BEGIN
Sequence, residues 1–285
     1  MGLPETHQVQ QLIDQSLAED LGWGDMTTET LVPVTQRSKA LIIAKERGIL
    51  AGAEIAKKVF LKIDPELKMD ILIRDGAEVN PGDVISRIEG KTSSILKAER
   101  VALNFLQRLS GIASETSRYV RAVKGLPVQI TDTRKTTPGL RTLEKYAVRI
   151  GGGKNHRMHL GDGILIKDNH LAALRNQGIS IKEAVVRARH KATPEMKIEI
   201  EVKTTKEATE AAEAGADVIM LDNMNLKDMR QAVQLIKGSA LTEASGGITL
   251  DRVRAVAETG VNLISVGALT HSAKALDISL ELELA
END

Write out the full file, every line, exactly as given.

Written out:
Sequence, residues 1–285
     1  MGLPETHQVQ QLIDQSLAED LGWGDMTTET LVPVTQRSKA LIIAKERGIL
    51  AGAEIAKKVF LKIDPELKMD ILIRDGAEVN PGDVISRIEG KTSSILKAER
   101  VALNFLQRLS GIASETSRYV RAVKGLPVQI TDTRKTTPGL RTLEKYAVRI
   151  GGGKNHRMHL GDGILIKDNH LAALRNQGIS IKEAVVRARH KATPEMKIEI
   201  EVKTTKEATE AAEAGADVIM LDNMNLKDMR QAVQLIKGSA LTEASGGITL
   251  DRVRAVAETG VNLISVGALT HSAKALDISL ELELA